City Leads East Bay In Water Management Program

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Last week, when rain pounded the East Bay, millions of gallons of partially treated sewage were released into the bay, an environmental issue that a Berkeley program now becoming the norm in cities throughout the area aims to improve.

Although federal and state agencies are calling for improved sewage management in the East Bay, Berkeley's sewage program has been prepared to address the water quality issue for the past three years.

The city's Private Sewer Lateral Program, which began in 2006, requires homeowners to inspect and replace their property's residential sewer lines if any defects are found.

This program will be able to address the requirements outlined in a draft court order issued in July by Environmental Protection Agency and the state of California against East Bay Municipal Utility District (EBMUD).

The draft requires EBMUD to implement programs that address the issue of storm-generated water flows into its sewage treatment system in nine East Bay cities, including Berkeley, said Ben Horenstein, manager of environmental services at EBMUD.

According to Kenneth Emeziem, supervising civil engineer for Berkeley, roughly 3,700 homes under the city's Private Sewer Lateral Program have already had their private sewer lines replaced or certified to be in good condition, which amounts to more than 10 percent of the city's homes.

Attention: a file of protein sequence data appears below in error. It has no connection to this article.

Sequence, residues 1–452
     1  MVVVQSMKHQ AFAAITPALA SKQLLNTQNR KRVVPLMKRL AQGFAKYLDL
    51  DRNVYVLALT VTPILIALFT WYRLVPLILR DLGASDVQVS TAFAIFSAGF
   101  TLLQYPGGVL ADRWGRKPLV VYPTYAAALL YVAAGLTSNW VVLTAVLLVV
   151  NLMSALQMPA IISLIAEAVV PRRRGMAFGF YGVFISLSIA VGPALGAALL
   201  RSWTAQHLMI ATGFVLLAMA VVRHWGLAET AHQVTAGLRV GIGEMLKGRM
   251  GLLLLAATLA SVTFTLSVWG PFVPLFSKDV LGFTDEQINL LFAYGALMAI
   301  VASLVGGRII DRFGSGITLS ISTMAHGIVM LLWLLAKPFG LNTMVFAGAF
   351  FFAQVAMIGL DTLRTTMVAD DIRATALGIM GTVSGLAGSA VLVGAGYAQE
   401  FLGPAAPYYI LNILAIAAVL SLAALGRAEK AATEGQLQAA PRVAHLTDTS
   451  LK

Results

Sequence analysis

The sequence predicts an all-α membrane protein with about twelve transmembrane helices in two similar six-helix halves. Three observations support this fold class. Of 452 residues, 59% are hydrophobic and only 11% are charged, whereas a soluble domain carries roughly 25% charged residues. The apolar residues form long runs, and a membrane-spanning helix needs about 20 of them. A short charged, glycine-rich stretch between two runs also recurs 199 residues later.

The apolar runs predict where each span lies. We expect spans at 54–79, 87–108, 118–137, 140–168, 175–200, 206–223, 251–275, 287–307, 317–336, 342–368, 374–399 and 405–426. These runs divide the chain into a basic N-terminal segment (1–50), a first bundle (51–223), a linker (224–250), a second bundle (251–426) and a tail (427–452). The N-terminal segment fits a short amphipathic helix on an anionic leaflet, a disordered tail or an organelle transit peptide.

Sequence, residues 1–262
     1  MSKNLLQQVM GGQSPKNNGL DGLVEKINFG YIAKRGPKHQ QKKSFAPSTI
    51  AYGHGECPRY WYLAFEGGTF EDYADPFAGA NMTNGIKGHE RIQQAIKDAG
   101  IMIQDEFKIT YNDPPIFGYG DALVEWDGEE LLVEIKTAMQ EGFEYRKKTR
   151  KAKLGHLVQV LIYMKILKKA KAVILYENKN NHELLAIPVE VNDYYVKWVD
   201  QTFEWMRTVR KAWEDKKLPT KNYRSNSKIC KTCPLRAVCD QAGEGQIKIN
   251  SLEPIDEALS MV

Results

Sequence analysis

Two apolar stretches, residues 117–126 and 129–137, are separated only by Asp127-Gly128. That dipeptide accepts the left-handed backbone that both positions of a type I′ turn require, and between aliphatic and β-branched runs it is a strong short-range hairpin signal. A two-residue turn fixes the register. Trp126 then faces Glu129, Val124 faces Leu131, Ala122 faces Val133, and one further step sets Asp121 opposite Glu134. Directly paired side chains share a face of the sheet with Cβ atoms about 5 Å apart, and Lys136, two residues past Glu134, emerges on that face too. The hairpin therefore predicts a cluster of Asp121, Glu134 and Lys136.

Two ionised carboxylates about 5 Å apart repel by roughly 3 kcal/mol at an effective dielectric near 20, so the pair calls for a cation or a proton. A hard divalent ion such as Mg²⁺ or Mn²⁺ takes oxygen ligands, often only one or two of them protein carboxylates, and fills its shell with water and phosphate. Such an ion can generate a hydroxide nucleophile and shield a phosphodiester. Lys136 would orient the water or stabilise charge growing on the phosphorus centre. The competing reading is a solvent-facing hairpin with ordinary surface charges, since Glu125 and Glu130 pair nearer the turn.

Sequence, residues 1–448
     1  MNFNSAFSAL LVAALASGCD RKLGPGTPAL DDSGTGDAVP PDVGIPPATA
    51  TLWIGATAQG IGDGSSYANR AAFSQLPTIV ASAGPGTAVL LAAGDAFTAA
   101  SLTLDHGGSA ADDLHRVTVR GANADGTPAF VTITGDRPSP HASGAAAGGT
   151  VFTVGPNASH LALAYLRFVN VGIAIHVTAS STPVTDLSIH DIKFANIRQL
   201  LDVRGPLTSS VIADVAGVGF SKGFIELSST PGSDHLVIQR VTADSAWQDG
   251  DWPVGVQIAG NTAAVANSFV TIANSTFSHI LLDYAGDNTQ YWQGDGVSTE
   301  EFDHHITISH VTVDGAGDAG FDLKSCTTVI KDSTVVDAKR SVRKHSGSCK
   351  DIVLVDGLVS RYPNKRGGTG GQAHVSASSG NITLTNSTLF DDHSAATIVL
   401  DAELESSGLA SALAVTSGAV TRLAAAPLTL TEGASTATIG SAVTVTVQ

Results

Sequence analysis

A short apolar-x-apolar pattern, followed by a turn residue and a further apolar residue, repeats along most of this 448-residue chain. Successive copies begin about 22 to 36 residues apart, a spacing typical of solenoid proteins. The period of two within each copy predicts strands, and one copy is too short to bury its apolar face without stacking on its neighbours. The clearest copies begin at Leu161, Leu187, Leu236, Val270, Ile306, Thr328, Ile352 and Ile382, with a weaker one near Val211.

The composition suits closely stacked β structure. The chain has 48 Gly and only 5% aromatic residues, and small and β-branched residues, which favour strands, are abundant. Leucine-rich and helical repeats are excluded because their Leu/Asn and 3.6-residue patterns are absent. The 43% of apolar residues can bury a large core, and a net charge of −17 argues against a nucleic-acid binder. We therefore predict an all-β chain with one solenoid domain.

Because the program calls for replacing old pipes to keep excess ground water from infiltrating the sewer lines, sewer water is then more efficiently routed to water treatment plants, Horenstein said.

"The city is very proactive and concerned about the quality of water going to the bay," Emeziem said.

According to Horenstein, the high levels of rainfall often overwhelm the capabilities of EBMUD's sewage treatment facilities.

"During these very high wet weather flow periods, some of the sewage may not receive full treatment at our main waste water treatment facility," he said.

Horenstein said while the changes necessitated by the court order will have a larger impact on cities like Oakland, Emeryville and Piedmont that do not having existing programs in place, Berkeley may not find the changes as demanding.

"It's likely that, in the case of private owned sewer pipes, cities like Berkeley that have had a program in place for a few years already, are (more) ahead than the cities that don't have a program in place," Horenstein said.


Contact Melody Ng at [email protected]

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